Really, I’m not even sure what is meant by support here. It’s kinda like with breast cancer. “Support breast cancer!” What does that even mean? Let’s pretend that grammatically that doesn’t mean either cheering bras (which mechanically support breasts, which host the cancer) or cheering for the cancer itself. Let’s pretend that we’re supposed to support the end of breast cancer. What does that even look like?
Is it just me saying, “Boo breast cancer”? Is it me giving money to cancer destruction forces? Is it me offering myself as a guinea pig to science? Or is it me just crossing my fingers, hoping for the best, and telling people who ask that I’m supporting breast cancer?
I have the same problem with the emergent fad of needing to support the arts. As an artist (who hopes to make a living from his art) and son of an artist (who made his living from his art), I haven’t the foggiest idea what I’m supposed to be wanting from the church here.
As to your suggestions, I’ll gently nix #1 on the grounds that God didn’t make us to be artistic or creative. Sure, he made some of us to be that way, but that number is pretty small. Trust me, I’ve seen the internet.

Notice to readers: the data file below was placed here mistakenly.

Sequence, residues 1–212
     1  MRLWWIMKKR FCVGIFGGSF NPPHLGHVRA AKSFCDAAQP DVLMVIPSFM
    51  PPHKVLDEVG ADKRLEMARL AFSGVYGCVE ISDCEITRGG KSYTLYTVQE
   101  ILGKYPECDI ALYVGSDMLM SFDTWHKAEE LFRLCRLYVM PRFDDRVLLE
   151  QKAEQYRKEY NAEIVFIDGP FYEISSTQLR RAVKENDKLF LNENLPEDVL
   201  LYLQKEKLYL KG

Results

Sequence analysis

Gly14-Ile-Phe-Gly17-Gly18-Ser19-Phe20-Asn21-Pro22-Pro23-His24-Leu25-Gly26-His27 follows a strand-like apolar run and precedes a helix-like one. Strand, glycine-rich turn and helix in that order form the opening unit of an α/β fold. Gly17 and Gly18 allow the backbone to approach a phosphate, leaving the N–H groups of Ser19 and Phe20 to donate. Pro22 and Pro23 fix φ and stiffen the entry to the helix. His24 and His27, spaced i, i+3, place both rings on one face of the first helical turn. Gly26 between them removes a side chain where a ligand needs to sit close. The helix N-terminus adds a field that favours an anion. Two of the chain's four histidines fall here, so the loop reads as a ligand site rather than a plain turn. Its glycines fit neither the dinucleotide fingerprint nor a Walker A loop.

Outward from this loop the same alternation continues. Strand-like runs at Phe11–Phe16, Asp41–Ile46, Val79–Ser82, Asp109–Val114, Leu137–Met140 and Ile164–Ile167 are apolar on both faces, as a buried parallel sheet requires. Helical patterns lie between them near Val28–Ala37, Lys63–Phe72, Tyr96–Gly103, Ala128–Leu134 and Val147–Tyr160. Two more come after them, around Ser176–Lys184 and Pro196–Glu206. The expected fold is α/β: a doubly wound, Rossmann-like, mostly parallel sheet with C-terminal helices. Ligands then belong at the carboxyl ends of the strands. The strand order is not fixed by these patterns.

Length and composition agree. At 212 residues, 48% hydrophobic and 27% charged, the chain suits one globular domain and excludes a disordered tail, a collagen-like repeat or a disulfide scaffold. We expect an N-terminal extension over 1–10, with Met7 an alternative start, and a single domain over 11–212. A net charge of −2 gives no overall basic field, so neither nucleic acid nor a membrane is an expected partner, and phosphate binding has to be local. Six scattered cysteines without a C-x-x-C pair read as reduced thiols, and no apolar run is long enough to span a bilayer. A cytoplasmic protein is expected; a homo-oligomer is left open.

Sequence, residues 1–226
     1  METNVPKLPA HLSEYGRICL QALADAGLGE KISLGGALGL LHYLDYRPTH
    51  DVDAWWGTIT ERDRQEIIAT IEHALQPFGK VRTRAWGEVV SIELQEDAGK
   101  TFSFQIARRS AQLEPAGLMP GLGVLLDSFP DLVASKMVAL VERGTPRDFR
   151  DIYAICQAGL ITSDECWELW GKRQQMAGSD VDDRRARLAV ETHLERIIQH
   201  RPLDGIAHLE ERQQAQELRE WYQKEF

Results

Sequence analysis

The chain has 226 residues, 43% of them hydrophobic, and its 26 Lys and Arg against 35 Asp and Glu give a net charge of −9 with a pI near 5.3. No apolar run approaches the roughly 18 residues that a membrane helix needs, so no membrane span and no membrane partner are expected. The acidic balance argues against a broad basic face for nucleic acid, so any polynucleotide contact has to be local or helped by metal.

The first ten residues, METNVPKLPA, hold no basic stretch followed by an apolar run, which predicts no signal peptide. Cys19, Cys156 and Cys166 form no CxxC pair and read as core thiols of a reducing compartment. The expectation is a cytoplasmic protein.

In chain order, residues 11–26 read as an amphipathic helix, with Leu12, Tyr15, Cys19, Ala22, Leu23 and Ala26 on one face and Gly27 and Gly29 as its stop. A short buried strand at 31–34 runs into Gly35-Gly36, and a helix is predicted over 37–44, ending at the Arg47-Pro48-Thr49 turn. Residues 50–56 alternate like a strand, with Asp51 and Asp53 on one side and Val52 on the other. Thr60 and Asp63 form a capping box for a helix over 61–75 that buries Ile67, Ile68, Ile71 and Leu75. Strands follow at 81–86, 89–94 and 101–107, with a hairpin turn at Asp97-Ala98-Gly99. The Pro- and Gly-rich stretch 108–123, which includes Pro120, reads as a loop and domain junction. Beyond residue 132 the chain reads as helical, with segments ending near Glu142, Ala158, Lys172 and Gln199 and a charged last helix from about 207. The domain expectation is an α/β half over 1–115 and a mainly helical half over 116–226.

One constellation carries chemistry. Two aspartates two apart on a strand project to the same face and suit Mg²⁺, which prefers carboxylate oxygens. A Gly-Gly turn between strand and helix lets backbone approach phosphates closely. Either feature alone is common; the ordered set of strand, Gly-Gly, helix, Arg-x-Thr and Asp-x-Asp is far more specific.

#2 Protestants may or may not have reacted to strongly against the horror of icons, but the Reformed church (which is most directly descended from iconoclast practices) seems to have a far more healthy view of both art and the artist than many other evangelical traditions. (Generally, that is. I still run into the occasional crazy Reformed lady who thinks museums are filled with porn.)
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I do hear what you’re saying, but I do think on this point (in an otherwise helpful book) they’ve somewhat missed the point.